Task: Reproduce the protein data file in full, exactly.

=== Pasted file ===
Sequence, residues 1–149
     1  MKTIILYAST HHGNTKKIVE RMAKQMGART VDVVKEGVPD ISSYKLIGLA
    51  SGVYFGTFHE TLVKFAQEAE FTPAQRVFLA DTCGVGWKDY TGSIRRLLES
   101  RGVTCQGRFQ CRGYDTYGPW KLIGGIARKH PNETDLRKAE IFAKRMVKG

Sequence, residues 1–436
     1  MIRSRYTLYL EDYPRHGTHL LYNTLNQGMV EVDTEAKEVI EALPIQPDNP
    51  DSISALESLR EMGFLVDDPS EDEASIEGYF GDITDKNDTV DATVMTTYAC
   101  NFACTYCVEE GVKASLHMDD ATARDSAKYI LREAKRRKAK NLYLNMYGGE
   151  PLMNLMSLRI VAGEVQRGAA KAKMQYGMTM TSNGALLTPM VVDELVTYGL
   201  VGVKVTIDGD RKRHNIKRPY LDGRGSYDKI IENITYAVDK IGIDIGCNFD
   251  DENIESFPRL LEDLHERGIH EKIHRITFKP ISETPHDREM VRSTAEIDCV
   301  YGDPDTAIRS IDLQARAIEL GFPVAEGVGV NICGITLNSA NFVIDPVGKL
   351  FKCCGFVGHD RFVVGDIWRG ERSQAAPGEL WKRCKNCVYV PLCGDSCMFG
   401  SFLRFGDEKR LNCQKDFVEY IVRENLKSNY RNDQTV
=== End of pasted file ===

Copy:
Sequence, residues 1–149
     1  MKTIILYAST HHGNTKKIVE RMAKQMGART VDVVKEGVPD ISSYKLIGLA
    51  SGVYFGTFHE TLVKFAQEAE FTPAQRVFLA DTCGVGWKDY TGSIRRLLES
   101  RGVTCQGRFQ CRGYDTYGPW KLIGGIARKH PNETDLRKAE IFAKRMVKG

Sequence, residues 1–436
     1  MIRSRYTLYL EDYPRHGTHL LYNTLNQGMV EVDTEAKEVI EALPIQPDNP
    51  DSISALESLR EMGFLVDDPS EDEASIEGYF GDITDKNDTV DATVMTTYAC
   101  NFACTYCVEE GVKASLHMDD ATARDSAKYI LREAKRRKAK NLYLNMYGGE
   151  PLMNLMSLRI VAGEVQRGAA KAKMQYGMTM TSNGALLTPM VVDELVTYGL
   201  VGVKVTIDGD RKRHNIKRPY LDGRGSYDKI IENITYAVDK IGIDIGCNFD
   251  DENIESFPRL LEDLHERGIH EKIHRITFKP ISETPHDREM VRSTAEIDCV
   301  YGDPDTAIRS IDLQARAIEL GFPVAEGVGV NICGITLNSA NFVIDPVGKL
   351  FKCCGFVGHD RFVVGDIWRG ERSQAAPGEL WKRCKNCVYV PLCGDSCMFG
   401  SFLRFGDEKR LNCQKDFVEY IVRENLKSNY RNDQTV